5 Apr 2010

The Road to Intellectual Emancipation

Posted by Robert Gibson

The road to our intellectual emancipation begins with learning. Unfortunately, due to the existing political orthodoxy controlling our education system and society, most often what we read, what we see and hear, and what we are taught, has the effect of obscuring and engendering disinterest and misunderstanding instead of promoting enlightenment and encouraging curiosity, interest and the pursuit of knowledge.  Mass miss-education served up by a system with a corrupt agenda, and supported by political leaders, government officials, news and entertainment media, corporations, administrators, and teachers with limited minds, knowledge and education needs to be exposed and overthrown. Where and how can we begin?  A task of this magnitude can only be accomplished by an emphasis on the presentation and cultivation of perspective.

What we need to understand is that much of what we are taught, especially in the realm of mainstream education and history, has been distorted in ways that serve and or reflect dominant socio-economic interests.  As we are about to begin our voyage of enlightenment and discovery, a good thought to keep in mind is that it will be a struggle of political incorrectness.  And at this stage it is only the first step that counts.   And that first step should begin with understanding what is the role that a dissenter plays in society?   Dissenting views invite us to test the prevailing explanations served to us and open ourselves up to neglected ones.  In other words, what we are dealing with is understanding that dissenters are practitioners of critical thought.  As Michael Parenti stated in his book History as Mystery; “Heterodoxy always offers a better learning experience than orthodoxy.”  Parenti also reminded us that unfortunately, dissenters can always expect to struggle against the mainstream views and prevailing opinion. “Dissenters will constantly have to be prepared to defend themselves and argue closely from evidence. . . . While Orthodoxy can rest contently on understated axioms and mystifications.”   He also went on to emphasize that orthodoxy promotes its views through unexamined repetition that comes from monopoly control of major communication and education systems.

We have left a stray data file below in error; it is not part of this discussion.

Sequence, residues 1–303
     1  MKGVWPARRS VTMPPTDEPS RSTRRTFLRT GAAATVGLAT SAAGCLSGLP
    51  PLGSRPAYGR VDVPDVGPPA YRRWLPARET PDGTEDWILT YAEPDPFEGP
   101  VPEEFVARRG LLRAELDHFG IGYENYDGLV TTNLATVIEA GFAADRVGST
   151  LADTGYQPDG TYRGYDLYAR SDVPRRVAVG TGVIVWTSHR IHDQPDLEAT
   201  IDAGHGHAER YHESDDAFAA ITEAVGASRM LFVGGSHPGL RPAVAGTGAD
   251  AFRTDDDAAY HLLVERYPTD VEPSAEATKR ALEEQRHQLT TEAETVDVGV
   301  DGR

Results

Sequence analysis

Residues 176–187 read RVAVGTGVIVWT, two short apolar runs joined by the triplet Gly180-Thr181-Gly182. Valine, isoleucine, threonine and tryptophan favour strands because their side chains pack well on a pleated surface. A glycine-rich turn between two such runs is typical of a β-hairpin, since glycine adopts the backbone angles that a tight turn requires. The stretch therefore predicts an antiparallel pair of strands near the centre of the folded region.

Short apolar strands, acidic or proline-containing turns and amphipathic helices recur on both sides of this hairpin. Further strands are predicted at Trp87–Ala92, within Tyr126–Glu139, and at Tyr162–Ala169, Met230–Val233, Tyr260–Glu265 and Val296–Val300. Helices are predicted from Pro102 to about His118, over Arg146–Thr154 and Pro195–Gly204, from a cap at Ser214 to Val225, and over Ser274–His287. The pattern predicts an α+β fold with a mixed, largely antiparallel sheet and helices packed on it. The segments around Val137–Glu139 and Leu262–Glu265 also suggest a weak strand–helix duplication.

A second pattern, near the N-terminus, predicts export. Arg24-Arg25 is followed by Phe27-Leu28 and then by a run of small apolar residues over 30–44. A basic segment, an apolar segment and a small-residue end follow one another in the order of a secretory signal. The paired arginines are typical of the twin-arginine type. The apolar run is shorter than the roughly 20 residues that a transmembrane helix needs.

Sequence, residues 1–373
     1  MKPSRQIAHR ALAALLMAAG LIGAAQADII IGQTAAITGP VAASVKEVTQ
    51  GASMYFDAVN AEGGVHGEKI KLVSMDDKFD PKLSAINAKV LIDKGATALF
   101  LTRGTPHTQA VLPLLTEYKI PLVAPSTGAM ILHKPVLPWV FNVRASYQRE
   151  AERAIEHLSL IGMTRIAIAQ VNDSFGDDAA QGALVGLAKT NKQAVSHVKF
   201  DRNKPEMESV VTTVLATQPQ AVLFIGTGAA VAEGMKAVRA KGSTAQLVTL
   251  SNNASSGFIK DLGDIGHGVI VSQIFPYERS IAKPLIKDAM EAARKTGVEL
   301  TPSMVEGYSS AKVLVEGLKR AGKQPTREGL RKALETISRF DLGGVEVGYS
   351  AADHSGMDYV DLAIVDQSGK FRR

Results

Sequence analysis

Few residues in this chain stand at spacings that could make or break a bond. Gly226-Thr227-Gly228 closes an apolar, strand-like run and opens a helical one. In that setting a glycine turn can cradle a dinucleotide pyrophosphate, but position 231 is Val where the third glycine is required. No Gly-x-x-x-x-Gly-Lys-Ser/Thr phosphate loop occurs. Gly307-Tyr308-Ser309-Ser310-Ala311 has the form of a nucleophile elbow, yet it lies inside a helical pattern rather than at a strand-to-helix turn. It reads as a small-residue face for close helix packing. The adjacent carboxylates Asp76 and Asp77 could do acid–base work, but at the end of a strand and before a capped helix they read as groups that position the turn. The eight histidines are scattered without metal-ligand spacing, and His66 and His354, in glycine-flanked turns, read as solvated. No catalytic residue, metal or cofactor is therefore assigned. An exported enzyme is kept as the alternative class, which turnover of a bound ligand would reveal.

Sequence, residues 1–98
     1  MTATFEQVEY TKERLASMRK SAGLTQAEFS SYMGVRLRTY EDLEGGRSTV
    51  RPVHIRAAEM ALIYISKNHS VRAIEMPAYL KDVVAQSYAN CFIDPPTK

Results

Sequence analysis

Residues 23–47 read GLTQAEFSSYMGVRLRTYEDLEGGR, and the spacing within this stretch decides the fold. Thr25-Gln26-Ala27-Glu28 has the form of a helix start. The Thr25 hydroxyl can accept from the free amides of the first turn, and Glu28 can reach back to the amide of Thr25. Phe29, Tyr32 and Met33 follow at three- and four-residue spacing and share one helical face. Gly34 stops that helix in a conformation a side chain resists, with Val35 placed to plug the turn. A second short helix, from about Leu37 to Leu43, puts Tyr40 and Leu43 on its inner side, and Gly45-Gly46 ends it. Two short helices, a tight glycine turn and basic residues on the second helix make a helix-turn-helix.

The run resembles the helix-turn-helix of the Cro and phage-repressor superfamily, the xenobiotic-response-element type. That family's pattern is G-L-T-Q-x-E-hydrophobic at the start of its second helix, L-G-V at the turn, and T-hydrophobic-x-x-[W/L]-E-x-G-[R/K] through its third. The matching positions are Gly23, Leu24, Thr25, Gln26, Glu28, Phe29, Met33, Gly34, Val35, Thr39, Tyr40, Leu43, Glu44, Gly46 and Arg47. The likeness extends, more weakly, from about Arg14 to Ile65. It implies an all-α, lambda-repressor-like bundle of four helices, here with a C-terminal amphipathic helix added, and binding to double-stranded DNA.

What have I accomplished so far in this first installment of statements of opinion?  I hope to have sparked the beginnings of an idea, mindset, and an approach that will eventually lead us to be able to comprehend the depth and relevance of a statement made by Thomas Jefferson over two hundred years ago in regard to the importance and value of a universal education to a democratic society in a capitalist economic system: ” A people cannot be both ignorant and free”.  Aruba Libre!

Robert Gibson

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